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Workouts For Healing a Hamstring Injury Workouts For Healing a Hamstring Injury
by Keila Chaliotis, Staff Writer Sometimes it´s hard to avoid some kind of injury while working out or playing a sport, especially if you... Workouts For Healing a Hamstring Injury

by Keila Chaliotis, Staff Writer

Sometimes it´s hard to avoid some kind of injury while working out or playing a sport, especially if you are new at it and don’t look for guidance. It is important to follow the rules and steps to any kind of new workout to avoid an injury.  That´s why I always recommend you look for professional help, before you start any routine or make sure you are well informed. If you have an injury, you will have an idea of what to do, or who to call for help. There are many injuries out there. Today, I will focus on a hamstring injury. Sounds painful, doesn’t it?  Well, all injuries will cause you some kind of discomfort and some kind of pain. The important thing is to know what to do if you have one, and what to do to feel better and recover from it. Unfortunately they are very common and painful and don’t discriminate.  We can all have an injury. It can strike anyone while running, skating, playing soccer or just exercising.

For those who don’t know what hamstring is; it is a group of three muscles at the back of your thigh. They are in charge of allowing you to bend your leg at the knee.

hamstring injury

Hamstring injuries are common, but there are ways to workout those muscles for faster recovery.

A hamstring injury can be caused by many reasons; lack of warming up and stretching before exercising; tight and weak hamstring muscles; or a pull or strain when you do exercises that involve a lot of running, jumping or exercises that include stopping and starting.  Also if you are a teenager and are going through a growth spurt.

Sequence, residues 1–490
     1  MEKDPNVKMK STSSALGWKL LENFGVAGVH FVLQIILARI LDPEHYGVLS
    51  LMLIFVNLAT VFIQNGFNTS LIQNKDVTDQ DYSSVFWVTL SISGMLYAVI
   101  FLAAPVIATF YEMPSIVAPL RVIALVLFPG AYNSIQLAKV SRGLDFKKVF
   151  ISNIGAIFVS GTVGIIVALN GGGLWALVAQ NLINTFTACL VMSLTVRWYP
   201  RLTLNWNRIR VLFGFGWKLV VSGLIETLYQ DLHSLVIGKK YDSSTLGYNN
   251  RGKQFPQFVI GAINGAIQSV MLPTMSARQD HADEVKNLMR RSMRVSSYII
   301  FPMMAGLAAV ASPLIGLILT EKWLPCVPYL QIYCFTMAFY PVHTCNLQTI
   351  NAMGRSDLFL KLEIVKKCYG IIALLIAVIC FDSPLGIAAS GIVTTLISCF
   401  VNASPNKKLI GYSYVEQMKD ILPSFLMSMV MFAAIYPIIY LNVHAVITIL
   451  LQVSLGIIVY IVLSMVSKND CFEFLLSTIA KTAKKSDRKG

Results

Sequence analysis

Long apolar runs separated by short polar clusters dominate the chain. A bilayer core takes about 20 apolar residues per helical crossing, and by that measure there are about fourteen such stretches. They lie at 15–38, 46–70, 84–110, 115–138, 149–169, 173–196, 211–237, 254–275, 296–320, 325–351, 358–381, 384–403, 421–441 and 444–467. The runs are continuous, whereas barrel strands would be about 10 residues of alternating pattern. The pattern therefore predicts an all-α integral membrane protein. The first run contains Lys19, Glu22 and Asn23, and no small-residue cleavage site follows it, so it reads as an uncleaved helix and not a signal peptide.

During this kind of injury you might tear your muscle and feel mild pain or agonizing pain, which makes it hard or in some cases impossible to walk or even stand up. You can also experience pain on the thigh and lower buttock, the leg, or when bending over.

If you do experience a hamstring strain, make sure you look for a doctor and he or she will help you answer specific questions and will give you the right checkup.  This is important especially on hardcore injuries. Minor or moderate strains usually heal on their own, it is just a matter of time for it to heal and you can be up to speed and go back to your daily routine.

To make sure you speed the healing you can: Ice your leg and rest it, so you can reduce the pain and swelling. You can do this for at least 20 minutes, every two or three hours, for a couple of days, until you see the pain go away.

If the injury doesn’t allow you to walk normally a physician might recommend you to use crutches, which will be uncomfortable for you at the beginning, but will help you move with more distress and faster than trying to jump up and down with one foot, putting yourself at risk of falling and hurting even yourself even more. So pick the crutches if needed!

During the night or when resting, try elevating your leg on a pillow or a couple of pillows. It is important you feel comfortable. Use an elastic bandage around your leg if needed to help also the swelling.

You might even have to take some anti-inflammatory painkillers, which you can buy at the counter or depending on what your physician recommends some stronger ones. Remember they all should be used for a short period of time, unless recommended otherwise by your doctor. It is also important you try stretching and strengthening exercises if your doctor recommends them.

You can try some of the following exercises:

Seated Hamstring Stretch

Sit on the floor with your legs stretched out in front of you. Try to keep your knees straight and slowly move your hands forward up your legs trying to reach your feet. Extend as far as you can, and curl your feet towards you, so you can increase the stretch. Hold this position for 20-30 seconds. Repeat two or three times.

Standing Hamstring Stretch

Here you extend your left foot a few inches in front of your right foot and your left toes pointed. Bend your right knee slowly and pull your abdominals gently inward and lean your hips forward, and rest both palms on top of your right thigh for balance and support. Hold for 20-30 seconds, and repeat two to three times.

Try to keep your shoulders down and relaxed; continue stretching with the right leg after.

Walking Lunges

Some other exercises you can try are walking lunges. All you need to do is go forward from a standing position into a lunge with one leg, and try to go down almost to the floor before going back to the same direction to a standing position. You can even add weight, to increase resistance and muscle strengthening.

There are many other exercises you can try to help you heal. The important thing is to do them and improve your health so you can go back to those exercises you love doing that help you keep active, healthy and in shape.  Just be careful, and follow instructions to prevent any major injuries.

 

 

 

 

 

 

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